Mikhail Sholokhov (SHAWL-eh-kawf) published collections of short stories, Donskiye rasskazy and Lazorevaya Step, in 1926. In 1931, Lazorevaya Step was expanded to include Donskiye rasskazy and was translated in 1961 as Tales from the Don. His short stories form volume 1 of his complete works, Sobranie sochinenii (1956-1960; Collected Works in Eight Volumes, 1984), which were first published in Moscow in eight volumes; war stories and essays form volume 8. They also are available in English as One Man’s Destiny, and Other Stories, Articles, and Sketches, 1923-1963 (1967) and At the Bidding of the Heart: Essays, Sketches, Speeches, Papers (1973).
Mikhail Sholokhov occupies a unique place in Soviet literature as the author of The Silent Don, the greatest novel to be published in the Soviet Union. He has been compared to Leo Tolstoy in his creation of a national epic, to Fyodor Dostoevski in his portrayal of Grigorii Melekhov, and to Nikolai Gogol and Anton Chekhov in his evocations of the steppe. In 1965, he was permitted by Soviet authorities to receive the Nobel Prize in Literature, a privilege denied to Boris Pasternak, who wrote a more profoundly philosophical novel. In addition, Sholokhov held numerous positions of honor in the Communist Party and the Union of Soviet Writers. He won the Stalin and Lenin prizes for literature (1941, 1960) and received honorary degrees from Western and Soviet universities.
In his two major works, The Silent Don and Virgin Soil Upturned, Sholokhov succeeds in bringing to life the Cossack world that he knew so well. Shrouded in legends, scorned for their barbarity, the Cossacks were little known to the Russians and totally unknown to Western readers. Sholokhov speaks in their dialect, clothes his characters in colorful Cossack traditions, and arms the soldiers with a spirit of courage and adventure. Part 1 of The Silent Don in particular and much of Virgin Soil Upturned shows them in their daily occupations, their celebrations and their interaction, much in their colorful and often crude language. Through his fictitious characters, all modeled on his own friends and acquaintances, the image of a people emerges.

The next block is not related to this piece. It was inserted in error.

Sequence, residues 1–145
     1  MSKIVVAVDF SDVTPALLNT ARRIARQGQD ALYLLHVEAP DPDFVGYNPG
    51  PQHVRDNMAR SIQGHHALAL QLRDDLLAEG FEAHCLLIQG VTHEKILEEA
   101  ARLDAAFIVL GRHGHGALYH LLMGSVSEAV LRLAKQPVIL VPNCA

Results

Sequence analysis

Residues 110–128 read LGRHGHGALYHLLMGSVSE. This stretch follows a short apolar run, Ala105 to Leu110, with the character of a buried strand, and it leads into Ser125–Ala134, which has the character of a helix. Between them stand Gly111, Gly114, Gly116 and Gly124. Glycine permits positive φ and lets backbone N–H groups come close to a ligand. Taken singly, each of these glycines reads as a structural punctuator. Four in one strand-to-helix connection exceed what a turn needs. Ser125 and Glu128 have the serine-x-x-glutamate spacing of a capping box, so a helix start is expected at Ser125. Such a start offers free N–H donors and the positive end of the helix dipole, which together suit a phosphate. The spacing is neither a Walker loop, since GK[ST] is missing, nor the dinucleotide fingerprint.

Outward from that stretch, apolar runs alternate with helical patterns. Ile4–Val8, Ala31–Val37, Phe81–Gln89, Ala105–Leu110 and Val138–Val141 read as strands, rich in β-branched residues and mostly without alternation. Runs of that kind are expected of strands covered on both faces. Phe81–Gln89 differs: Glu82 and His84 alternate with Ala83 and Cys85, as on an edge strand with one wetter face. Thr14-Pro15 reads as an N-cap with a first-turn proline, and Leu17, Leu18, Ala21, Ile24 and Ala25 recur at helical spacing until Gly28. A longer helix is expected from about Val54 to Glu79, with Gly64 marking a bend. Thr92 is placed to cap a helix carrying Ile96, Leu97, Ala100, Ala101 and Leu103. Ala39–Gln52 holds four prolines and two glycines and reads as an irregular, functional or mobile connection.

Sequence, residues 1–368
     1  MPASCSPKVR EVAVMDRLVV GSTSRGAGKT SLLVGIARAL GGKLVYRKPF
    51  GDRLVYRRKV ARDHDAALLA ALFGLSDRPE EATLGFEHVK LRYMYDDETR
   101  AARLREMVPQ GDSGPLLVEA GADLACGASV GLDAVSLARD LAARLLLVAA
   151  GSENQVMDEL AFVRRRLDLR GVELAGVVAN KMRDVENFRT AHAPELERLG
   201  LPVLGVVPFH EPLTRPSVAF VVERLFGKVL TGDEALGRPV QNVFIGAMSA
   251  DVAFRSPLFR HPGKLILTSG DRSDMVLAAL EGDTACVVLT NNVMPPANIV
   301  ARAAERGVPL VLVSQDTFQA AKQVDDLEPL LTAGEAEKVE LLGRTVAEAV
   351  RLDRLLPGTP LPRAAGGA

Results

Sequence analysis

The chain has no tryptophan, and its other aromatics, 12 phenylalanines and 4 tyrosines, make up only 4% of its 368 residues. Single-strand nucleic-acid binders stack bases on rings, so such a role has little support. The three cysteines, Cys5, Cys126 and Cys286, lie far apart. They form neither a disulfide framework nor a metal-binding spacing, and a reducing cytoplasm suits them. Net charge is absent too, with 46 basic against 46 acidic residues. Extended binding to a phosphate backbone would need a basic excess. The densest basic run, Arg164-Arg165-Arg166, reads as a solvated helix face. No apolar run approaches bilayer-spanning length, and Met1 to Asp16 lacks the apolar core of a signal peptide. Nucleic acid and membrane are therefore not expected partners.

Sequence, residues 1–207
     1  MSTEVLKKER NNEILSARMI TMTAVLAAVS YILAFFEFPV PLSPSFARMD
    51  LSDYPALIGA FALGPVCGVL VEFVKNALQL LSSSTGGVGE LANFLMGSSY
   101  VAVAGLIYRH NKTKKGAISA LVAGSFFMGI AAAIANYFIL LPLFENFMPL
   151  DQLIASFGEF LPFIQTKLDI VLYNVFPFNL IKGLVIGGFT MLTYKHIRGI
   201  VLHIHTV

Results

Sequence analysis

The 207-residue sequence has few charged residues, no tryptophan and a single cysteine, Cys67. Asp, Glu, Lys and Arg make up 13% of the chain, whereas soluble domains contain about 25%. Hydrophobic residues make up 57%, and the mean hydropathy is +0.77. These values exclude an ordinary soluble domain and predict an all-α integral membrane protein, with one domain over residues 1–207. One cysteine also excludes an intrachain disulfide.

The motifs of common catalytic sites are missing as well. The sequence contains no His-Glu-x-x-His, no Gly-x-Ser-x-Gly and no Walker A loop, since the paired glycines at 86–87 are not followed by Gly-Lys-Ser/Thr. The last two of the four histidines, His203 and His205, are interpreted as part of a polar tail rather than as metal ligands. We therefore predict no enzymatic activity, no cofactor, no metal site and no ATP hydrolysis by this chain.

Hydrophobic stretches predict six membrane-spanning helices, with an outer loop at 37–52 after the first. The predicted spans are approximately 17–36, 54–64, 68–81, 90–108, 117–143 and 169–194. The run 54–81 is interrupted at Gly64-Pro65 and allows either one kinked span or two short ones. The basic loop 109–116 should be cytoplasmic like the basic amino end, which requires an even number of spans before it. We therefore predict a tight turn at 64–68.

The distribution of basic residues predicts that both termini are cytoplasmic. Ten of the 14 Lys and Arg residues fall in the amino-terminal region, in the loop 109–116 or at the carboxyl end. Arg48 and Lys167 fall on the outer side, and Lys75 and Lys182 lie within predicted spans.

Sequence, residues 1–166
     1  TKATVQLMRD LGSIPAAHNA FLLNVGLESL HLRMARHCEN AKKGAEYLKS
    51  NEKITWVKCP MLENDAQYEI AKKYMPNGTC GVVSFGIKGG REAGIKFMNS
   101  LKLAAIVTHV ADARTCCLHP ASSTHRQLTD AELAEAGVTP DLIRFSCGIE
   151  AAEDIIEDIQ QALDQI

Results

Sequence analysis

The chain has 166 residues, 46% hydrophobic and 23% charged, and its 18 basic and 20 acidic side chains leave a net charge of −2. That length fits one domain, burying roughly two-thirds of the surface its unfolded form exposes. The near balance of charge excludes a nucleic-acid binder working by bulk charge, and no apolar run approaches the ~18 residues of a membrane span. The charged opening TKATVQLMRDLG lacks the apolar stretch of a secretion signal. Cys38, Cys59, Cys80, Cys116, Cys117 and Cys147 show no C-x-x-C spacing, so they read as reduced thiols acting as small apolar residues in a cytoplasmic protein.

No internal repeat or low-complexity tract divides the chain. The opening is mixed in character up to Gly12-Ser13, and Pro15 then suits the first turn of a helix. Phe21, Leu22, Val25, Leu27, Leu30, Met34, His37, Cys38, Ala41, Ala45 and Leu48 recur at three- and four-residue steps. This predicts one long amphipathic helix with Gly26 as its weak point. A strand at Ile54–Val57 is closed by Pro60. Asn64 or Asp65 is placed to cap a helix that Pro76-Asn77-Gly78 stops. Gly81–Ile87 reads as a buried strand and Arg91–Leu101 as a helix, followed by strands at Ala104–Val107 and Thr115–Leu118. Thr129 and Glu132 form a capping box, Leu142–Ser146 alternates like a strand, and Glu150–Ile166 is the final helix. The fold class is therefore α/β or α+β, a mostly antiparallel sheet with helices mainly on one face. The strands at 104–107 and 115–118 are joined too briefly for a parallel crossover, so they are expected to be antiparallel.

Particularly in The Silent Don, Sholokhov skillfully combined Socialist...
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Ermolaev, Herman. Mikhail Sholokhov and His Art. Princeton, N.J.: Princeton University Press, 1982. A study of Sholokhov’s life and art, philosophy of life, and handling of style and structure, with a separate chapter on the historical sources of The Quiet Don and another on the question of plagiarism. Includes maps, tables (of similes), notes, and bibliography.
Klimenko, Michael. The World of Young Sholokhov: Vision of Violence. North Quincy, Mass.: Christopher Publishing House, 1972. The introduction discusses the Sholokhov canon as well as the man and his critics. Other chapters explore the genesis of his novels, his vision of life, his heroes, and his treatment of revolution. Includes a bibliography.
Medvedev, Roy. Problems in the Literary Biography of Mikhail Sholokhov. Cambridge, England: Cambridge University Press, 1977. A piercing examining of The Quiet Don, exploring the issue of Sholokhov’s authorship and how it poses problems for his literary biography.
Muherjee, G. Mikhail Sholokhov: A Critical Introduction. New Delhi: Northern Book Center, 1992. A useful discussion of Sholokhov’s work and critical reactions to it.
Murphy, A. B., V. P. Butt, and H. Ermolaev. Sholokhov’s “Tikhii Don”: A Commentary in Two Volumes. Birmingham, England: Department of Russian Language and Literature, the University of Birmingham, 1997. An excellent study of The Silent Don.
Stewart, David Hugh. Mikhail Sholokov: A Critical Introduction. Ann Arbor: University of Michigan Press, 1967. Found in most university libraries, this accessible, 250-page overview of the man and his works includes bibliographical references.